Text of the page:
Those lazy, hazy, crazy days of summer—which officially begin June 5, the last day of school—can be costly to the brain. Educators say students can lose up to two months of reading and math skills during summer months, forcing teachers to spend multiple weeks when school resumes bringing student brains up to speed.
But there is much parents can do to help avoid a summer slide. Here are some suggestions to keep brains and bodies fired up this summer—what is good for one is good for the other. The list includes ideas supplied by Winter Park Consortium Healthy School Team Leaders.
- Check out Find Active Fun at www.findactivefun.org, your source for hundreds of ideas for free and low-cost active fun for the family. It is supported by Healthy Central Florida, a community initiative aimed at making local residents the healthiest in the nation.
- Start summer with a family bucket list of activities members want to do and places to visit.
- Have kids sign up for swim lessons or a summer swim team. Both exercise the mind and body. Or encourage them to learn to play tennis—or any sport they haven’t tried before. The brain loves new challenges.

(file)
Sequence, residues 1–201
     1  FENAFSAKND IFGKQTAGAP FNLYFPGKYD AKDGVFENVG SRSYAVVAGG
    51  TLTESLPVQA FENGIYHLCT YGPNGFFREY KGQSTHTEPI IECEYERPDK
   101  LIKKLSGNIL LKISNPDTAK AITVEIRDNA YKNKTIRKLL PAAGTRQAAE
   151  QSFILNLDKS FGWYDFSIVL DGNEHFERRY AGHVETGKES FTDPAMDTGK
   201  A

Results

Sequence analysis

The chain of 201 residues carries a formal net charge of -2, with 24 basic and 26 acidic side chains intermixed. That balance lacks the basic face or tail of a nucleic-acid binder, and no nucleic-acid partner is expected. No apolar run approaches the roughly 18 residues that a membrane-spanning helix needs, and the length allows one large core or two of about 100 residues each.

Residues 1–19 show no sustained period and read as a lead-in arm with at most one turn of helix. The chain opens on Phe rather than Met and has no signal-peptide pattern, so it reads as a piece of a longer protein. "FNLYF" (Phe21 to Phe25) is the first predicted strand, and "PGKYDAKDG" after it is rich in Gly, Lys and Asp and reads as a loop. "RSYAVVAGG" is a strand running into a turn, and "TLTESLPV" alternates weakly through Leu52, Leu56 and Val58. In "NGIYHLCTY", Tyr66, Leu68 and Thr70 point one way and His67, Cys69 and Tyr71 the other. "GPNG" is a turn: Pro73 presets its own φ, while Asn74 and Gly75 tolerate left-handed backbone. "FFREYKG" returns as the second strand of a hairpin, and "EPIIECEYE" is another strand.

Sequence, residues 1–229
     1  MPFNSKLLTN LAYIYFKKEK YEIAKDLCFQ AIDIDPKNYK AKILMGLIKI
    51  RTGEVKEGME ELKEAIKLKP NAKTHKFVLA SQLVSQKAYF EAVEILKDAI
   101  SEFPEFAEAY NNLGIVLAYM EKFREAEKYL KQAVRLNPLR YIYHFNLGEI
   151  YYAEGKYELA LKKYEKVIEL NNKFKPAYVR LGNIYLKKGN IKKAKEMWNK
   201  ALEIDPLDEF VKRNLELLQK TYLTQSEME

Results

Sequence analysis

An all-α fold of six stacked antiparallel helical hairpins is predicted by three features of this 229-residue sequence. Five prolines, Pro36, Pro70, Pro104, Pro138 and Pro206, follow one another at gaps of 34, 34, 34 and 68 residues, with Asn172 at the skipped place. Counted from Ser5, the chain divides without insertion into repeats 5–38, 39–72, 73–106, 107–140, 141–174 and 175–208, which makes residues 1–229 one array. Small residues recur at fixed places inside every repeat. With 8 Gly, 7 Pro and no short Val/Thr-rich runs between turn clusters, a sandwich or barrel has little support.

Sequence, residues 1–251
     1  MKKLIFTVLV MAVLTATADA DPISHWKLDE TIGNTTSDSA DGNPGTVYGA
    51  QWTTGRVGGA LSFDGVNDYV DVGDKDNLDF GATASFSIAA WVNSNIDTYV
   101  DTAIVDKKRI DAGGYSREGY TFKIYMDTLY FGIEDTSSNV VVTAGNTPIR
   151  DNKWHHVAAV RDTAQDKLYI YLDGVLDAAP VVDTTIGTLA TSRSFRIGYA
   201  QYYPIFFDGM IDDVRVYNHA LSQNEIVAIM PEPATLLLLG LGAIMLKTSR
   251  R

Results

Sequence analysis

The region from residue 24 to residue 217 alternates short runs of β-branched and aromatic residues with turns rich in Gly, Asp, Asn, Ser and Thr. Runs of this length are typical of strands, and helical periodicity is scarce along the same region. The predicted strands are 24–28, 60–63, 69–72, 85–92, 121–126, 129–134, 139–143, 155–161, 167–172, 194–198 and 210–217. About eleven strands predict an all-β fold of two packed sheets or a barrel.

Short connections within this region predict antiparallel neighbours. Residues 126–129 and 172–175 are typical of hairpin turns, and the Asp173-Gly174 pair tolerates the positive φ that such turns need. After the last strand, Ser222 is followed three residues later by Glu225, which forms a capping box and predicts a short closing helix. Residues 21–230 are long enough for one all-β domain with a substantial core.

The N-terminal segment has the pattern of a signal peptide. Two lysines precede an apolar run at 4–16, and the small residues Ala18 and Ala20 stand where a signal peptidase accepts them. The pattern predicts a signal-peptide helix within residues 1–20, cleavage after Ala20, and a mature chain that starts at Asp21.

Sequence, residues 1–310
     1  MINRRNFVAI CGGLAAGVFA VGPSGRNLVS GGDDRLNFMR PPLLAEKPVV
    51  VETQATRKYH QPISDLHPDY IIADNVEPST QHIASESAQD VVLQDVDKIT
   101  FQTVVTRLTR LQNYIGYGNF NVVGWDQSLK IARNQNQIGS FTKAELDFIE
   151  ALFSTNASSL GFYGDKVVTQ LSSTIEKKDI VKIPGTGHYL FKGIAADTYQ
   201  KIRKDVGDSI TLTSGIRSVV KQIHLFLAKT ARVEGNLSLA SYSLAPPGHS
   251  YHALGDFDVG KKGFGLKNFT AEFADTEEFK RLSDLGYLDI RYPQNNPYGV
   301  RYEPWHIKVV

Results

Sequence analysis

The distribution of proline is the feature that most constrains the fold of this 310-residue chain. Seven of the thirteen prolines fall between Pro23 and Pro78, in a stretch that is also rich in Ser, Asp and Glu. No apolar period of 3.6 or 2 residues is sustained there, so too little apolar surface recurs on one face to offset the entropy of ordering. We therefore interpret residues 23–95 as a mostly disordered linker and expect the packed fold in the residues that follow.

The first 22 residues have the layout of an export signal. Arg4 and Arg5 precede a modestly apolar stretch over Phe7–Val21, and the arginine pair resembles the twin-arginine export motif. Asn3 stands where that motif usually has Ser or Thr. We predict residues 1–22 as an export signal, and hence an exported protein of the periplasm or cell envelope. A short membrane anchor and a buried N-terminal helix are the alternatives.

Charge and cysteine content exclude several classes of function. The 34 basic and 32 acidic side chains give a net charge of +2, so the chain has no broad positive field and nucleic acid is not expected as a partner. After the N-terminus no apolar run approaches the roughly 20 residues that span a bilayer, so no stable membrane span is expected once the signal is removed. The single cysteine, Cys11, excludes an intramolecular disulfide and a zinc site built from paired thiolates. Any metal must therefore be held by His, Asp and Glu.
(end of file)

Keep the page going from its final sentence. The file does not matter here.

- Sign kids up for music lessons—great for building the brain and attention span.
- Use sidewalk chalk to write letters on the ground and have children hop from letter to letter spelling words. (Movement helps retention of knowledge)
- Check out the many fun activities at the YMCA of Central Florida.
- Protect precious brains by making sure kids always remember to use a bicycle helmet and making sure it fits properly. (That includes parents too.) Also, teach them to never dive into water unless they know how deep it might be.
- Read, have your children read, read along with them and read to them, or even better, help them create a summer book club with friends. To learn how to get started, go to the PBS Parents website: www.pbs.org/parents, then click on “education” and then “reading and language”
- Visit local and state parks as a family and keep a log of where you go. Wear a pedometer and keep track of steps as well.
- Get some exercise— and some healthy fruits and vegetables—by visiting one of the many farmers markets in Central Florida. To find out where they are located click here.
- Go canoeing or kayaking together and see who can spot the most Florida critters.
- Encourage kids to try out a new hobby. One idea—the Winter Park Public Library has a “Knotty Knitters” club for all ages and skill levels.
- And lastly, but just as important as all of the other tips, have fun together!